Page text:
Anonymous said...

I am a teacher. I worked with Andy on the VAM team. Andy led with openness and objectivity. He was never condescending. He was always open to criticism. Thanks to Andy, pay for performance was not shoved down our throats.

Good luck Andy. I hope your new bosses will help you search for the real answers and not just the fashionable solutions.

Anonymous said...

Too bad Pete tried to shove it down everyone else's (remember HB546 and HB966?)

Anonymous said...

Bad guy, not really. Andy was a tool for Gorman and will be a tool for the southern governors. In the end teachers will loose.

Who in their right mind would want to be a teachers in this environment? Everyone is an expert, yet none of them want to address what the real issue is. The problem isn't bad teachers. We have a problem in America in teaching the poor. We always have.

I watched it today, as I watch it everyday. A young minority man, who has not cared about his academic success in years, walking away from a teacher who simply wanted him to sit and do his work. He cursed at her and told her to "shut the F up." Did you get told that today?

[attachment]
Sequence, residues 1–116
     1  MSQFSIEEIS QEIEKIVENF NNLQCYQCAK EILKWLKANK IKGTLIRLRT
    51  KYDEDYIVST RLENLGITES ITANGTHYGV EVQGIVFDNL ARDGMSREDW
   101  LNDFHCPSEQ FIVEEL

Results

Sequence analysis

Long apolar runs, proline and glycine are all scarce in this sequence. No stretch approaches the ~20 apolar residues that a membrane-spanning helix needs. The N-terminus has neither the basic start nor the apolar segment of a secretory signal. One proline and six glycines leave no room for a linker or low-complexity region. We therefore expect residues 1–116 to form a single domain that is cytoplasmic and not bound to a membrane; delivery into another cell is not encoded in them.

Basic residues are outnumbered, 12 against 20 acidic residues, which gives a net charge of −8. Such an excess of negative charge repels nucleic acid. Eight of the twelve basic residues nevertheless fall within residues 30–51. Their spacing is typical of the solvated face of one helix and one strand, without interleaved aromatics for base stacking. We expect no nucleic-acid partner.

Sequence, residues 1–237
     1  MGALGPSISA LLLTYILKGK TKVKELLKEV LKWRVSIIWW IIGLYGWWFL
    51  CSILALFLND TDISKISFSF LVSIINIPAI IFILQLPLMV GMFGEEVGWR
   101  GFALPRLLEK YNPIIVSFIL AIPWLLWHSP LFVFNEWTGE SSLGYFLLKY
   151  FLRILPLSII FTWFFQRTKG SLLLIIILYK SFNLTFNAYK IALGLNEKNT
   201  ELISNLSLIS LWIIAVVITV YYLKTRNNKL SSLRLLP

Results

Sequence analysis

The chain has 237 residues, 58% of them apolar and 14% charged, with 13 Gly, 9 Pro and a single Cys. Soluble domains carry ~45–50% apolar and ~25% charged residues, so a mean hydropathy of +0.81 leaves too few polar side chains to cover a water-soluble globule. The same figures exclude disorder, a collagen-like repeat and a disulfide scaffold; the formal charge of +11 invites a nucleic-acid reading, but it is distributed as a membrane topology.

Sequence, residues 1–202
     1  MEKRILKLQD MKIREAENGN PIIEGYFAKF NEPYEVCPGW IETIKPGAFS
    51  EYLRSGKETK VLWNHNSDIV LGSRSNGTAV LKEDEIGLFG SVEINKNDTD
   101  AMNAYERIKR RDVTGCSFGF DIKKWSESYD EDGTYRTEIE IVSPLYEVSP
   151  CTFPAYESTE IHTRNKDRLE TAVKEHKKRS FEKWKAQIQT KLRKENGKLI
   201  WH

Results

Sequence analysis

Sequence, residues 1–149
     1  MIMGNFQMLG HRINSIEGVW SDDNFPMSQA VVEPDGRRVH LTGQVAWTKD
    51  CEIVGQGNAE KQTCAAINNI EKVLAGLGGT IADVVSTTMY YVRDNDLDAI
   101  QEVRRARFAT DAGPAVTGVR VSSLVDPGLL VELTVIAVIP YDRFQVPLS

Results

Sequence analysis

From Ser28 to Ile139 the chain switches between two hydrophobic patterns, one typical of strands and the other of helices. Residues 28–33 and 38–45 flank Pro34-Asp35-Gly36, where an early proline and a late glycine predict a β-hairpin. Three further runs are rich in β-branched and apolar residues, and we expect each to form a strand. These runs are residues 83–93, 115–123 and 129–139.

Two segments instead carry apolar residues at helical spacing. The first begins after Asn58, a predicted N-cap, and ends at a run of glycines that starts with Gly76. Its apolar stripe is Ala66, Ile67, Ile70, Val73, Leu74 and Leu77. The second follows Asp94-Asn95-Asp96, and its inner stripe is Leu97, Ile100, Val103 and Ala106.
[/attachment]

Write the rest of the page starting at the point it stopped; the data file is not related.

Anonymous said...

All of those people studying "teachers" and such... Why don't they get in a classroom? Where are the studies on how to increase parent involvement with their own kids? Where are the studies on the issues that are truly impacting student achievement? Until you have been in a classroom--you should just shut the front door.

Bill Stevens said...

"We have a problem in America in teaching the poor."

I am sorry but I disagree with you. We do teach many of the poor very successfully. As WC has stated before, over 200 blacks graduated from West Charlotte HS last year. 172 did not. Has anyone done the proper analysis to give us some insight into this reason? No, politicans and urban leaders just keeping bantering the tired old phrases. It is nothing more than giving the politicans the permission to confiscate the hard earned money of responsible citizens to make up for the irresponsible citizens.

Jeff Wise said...

In less than 10 years pay for performance and all the value-add models will be yesterday's news. If we're lucky it'll be no more than 5 years.

Current educational reform has become a staple of both political parties and when the economy picks up, they'll lose interest and VAM will disappear.

At some point we'll see there are more appropriate ways to figure out how to properly compensate teachers and kick out the underperforming ones. Even then teachers - especially North Carolina teachers - will continue to be underpaid.

Even with all the studies Ann highlighted, there is still no conclusive evidence that shows - without a doubt - that value-adds and high-stakes testing and lots of data analysis can reliably identify a great teacher from a good teacher.

Wiley Coyote said...